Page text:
We like to include everyone in helping in the Summer Fair, no matter how small your part in running, donating prizes/ books etc  and helping on the day. As a collective, it’s what makes the St. John’s Summer Fair such a special day…

So please if you can help to make this a very special day – we would love to hear from you!

Jonathan Palmer

Bishop Michael Curry – and that sermon

Bishop Michael Curry from the American Episcopal Church preached a sermon at the Royal Wedding last Saturday which divided opinion. It was a “marmite” sermon – you either hated it or you loved it. It was either inappropriate and too long for a Royal Wedding, or it was just what we all needed to hear, especially in a week where we marked the anniversary of the Manchester bombings and Grenfell Tower. Whatever your opinion, Bishop Curry’s sermon is perhaps the most talked about sermon in recent world history. In case you missed it, here’s an extract on the theme of the love that Jesus offers.

They said if you cannot preach like Peter and you cannot pray like Paul, you just tell the love of Jesus how he died to save us all.  He didn’t die for anything he could get out of it. Jesus did not get an honorary doctorate for dying. He didn’t—he wasn’t getting anything out of it. He gave up his life. He sacrificed his life for the good of others, for the good of the other, for the well-being of the world, for us. That’s what love is. Love is not selfish and self-centered. Love can be sacrificial, and in so doing, becomes redemptive. And that way of unselfish sacrificial redemptive love, changes lives and it can change this world.

If you don’t believe me, just stop and think and imagine, think and imagine, well, think and imagine a world where love is the way. Imagine our homes and families when love is the way. Imagine neighborhoods and communities where love is the way. Imagine governments and nations where love is the way. Imagine business and commerce when love is the way. Imagine this tired old world when love is the way.

When love is the way, unselfish, sacrificial, redemptive, when love is the way, then no child will go to bed hungry in this world ever again. When love is the way, we will let justice roll down like a mighty stream and righteousness like an ever-flowing brook. When love is the way, poverty will become history. When love is the way, the Earth will be a sanctuary. When love is the way, we will lay down our swords and shields, down by the riverside, to study war no more. When love is the way, there’s plenty good room, plenty good room, for all of god’s children because when love is the way, we actually treat each other well, like we are actually family. When love is the way, we know that god is the source of us all and we are brothers and sisters, children of god. My brothers and sisters, that’s a new heaven, a new Earth, a new world, a new human family.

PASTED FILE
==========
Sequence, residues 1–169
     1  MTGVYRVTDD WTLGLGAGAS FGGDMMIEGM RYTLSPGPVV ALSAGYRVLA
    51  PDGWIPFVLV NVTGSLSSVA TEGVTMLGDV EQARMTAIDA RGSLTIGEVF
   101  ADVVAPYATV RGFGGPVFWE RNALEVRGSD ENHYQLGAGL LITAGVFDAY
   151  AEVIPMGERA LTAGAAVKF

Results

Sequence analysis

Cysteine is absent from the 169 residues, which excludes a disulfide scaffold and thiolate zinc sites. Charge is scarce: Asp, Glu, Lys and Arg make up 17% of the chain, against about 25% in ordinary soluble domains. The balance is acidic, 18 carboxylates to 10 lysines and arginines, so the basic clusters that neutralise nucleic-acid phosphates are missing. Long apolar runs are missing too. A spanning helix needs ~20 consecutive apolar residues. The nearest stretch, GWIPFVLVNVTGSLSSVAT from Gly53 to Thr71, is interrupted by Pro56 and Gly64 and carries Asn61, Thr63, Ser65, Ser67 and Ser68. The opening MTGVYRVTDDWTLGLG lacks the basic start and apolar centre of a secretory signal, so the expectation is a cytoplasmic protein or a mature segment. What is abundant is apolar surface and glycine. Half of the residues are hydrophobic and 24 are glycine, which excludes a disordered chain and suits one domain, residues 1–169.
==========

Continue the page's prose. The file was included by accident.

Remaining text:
Sarah Mullally, the 133rd Bishop of London

I had the privilege of being invited to the Installation of Dame Sarah Mullaly as our new Bishop of London in St Paul’s Cathedral last Saturday (12 May). Bishop Sarah is 56 and was educated in Surrey and London. For five years (from 1999) she was the UK’s Chief Nursing Officer and the NHS’s director of patient experience for England. Recently she has been Bishop of Crediton, a bishop in the Diocese of Exeter. As she mentioned in her sermon, 12 May is a significant day for her as it is the birthday of Florence Nightingale and also marks International Nurses Day.

Several hundred clergy were present including our Area Dean, Richard Frank. As well as various representatives of the City of London, the Masters and Prime Wardens of many livery companies processed in their finery to their seats under the dome. Bishop Sarah struck the Great West Door three times with her pastoral staff and the door was then opened to permit her to enter. The main procession, which included Archdeacon Stephan and Bishop Graham, moved through the nave to “Christ is made the sure foundation”. It was quite an emotional (and historic) moment to see our first woman Bishop of London, who was literally beaming with joy.

After the legal parts of the service, the Dean of St Paul’s, Very Rev David Ison, said “Brothers and sisters in Christ, I present to you Sarah, our Bishop, duly installed as Bishop of London” to which there was rapturous applause which continued for around one minute.

Bishop Sarah’s sermon was on the theme of “being subversive for Christ,” taken from John 21 – the story set by the sea of Tiberius of Jesus calling Peter into a new ministry. In her sermon, Bishop Sarah said “Today as I respond to the call of Christ to a new ministry I recall my first calling to follow Christ; to know him and make him known to the world. In the words of St Augustine ‘For you I am your Bishop but with you I am a Christian.’”

Bishop Sarah ended her sermon with the words “A church which is rooted in scripture and tradition but not afraid to reimagine the future. This is the sort of church and community that I believe the Lord has called me to assist in fostering, here in this Diocese. Will you join me?”

Brian Grumbridge

Bishop Sarah, photo taken from